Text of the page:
Thursday, April 29, 2010

Non-Dinosaur News: Choristoderan Craziness

Above: Hyphalosaurus by Nobu Tamura. Licensed.

This might be the first post where I deviate from the title of my blog... but this was too good to let pass. As first reported by Jocelynn Falconnet on the DML, here are two new papers that just came out about Hyphalosaurus baitaigouensis (a small, long-necked aquatic choristoderan from the Jiufotang Formation) reproduction:

Ji Q., Wu X.-C. & Cheng Y.-N. 2010. Cretaceous choristoderan reptiles gave birth to live young. Naturwissenschaften 97(4): 423-428.
Viviparity (giving birth to live young) in fossil reptiles has been known only in a few marine groups: ichthyosaurs, pachypleurosaurs, and mosasaurs. Here, we report a pregnant specimen of the Early Cretaceous
Hyphalosaurus baitaigouensis...


Hou L.-H., Li P.-P., Ksepka D.T., Gao K.-Q. & Norell M.A. In press. Implications of flexible-shelled eggs in a Cretaceous choristoderan reptile. Proceedings of the Royal Society B 277(1685):1235-1239.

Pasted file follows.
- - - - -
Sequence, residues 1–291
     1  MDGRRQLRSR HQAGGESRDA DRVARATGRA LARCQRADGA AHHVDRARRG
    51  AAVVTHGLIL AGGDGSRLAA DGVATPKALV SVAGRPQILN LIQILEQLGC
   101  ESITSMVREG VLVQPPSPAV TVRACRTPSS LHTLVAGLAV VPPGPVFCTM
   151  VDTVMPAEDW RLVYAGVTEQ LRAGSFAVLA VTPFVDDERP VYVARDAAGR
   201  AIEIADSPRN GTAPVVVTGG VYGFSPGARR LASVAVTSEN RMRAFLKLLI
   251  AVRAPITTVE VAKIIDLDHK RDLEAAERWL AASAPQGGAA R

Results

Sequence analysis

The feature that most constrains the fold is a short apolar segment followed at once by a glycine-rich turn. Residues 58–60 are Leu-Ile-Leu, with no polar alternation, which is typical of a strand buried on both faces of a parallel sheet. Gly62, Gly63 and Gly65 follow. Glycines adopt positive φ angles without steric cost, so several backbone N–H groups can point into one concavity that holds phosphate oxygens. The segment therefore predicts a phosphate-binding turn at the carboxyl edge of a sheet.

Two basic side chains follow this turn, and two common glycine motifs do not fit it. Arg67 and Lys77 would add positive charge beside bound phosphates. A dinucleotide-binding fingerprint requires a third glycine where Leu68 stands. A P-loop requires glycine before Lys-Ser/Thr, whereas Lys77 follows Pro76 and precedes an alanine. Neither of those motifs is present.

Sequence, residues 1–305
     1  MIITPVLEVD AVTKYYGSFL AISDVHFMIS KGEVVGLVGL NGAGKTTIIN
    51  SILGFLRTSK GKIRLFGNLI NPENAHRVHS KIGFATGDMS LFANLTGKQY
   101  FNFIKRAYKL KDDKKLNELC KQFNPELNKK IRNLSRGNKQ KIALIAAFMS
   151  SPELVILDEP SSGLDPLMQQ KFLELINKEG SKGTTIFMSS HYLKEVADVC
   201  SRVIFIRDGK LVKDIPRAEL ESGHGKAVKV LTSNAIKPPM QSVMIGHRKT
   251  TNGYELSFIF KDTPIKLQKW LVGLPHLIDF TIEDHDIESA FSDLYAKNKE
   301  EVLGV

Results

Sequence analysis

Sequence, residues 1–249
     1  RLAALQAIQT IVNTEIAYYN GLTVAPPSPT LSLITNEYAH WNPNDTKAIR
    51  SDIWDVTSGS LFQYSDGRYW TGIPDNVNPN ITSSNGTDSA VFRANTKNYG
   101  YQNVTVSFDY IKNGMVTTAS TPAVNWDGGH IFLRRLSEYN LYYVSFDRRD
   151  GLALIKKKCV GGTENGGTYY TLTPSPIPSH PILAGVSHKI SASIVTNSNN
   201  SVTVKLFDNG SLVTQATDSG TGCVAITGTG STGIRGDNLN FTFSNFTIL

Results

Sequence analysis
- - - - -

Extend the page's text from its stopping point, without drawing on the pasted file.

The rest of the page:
Flexible, or soft-shelled, eggs are almost unknown in the fossil record, leaving large gaps in our knowledge of the reproductive biology of many tetrapod clades. Here, we report two flexible-shelled eggs of the hyphalosaurid choristodere
Hyphalosaurus baitaigouensis from the Early Cretaceous of China, one containing an embryo and the second associated with a neonate.

To recap, Hou et al. have just reported that a specimen of H. baitaigouensis shows they gave birth to live young. Simultaneously, Ji et al. reported the discovery of unhatched H. baitaigouensis eggs.

I love paleontolgy ;)


  1. Very strange, I hope more light will be shed on this!

  2. This isn't the last you'll see of Mesozoic marine reptile vivipary. Expect another surprise in the next year and a half...

  3. My suspicion is that the Ji et al. specimen may have been about to lay thin-shelled eggs. But we'll see...

  4. I don't have access to the Hou et al. paper, but reading the Ji et al. one it looks like what they mean by "viviparity" is actually "ovoviviparity", which they don't consider a valid term anymore for whatever reason. The main contradiction seems to be on the presence or absence of shells. Ji et al. cite apparently shell-less eggs associated with the holotype, as well as this new find, to argue H. was well on its way to true viviparity and that the eggs never developed shells. The Hou paper just complicates this by showing that at least at some stage, the eggs did have thin shells, which were lost (re-absorbed or something? Not sure how this works) by the time of birth. It looks like it's pretty common for H. specimens to have discharged eggs/embryos post-mortem, so finding an isolated shelled egg isn't inconsistent with (ovo)viviparity.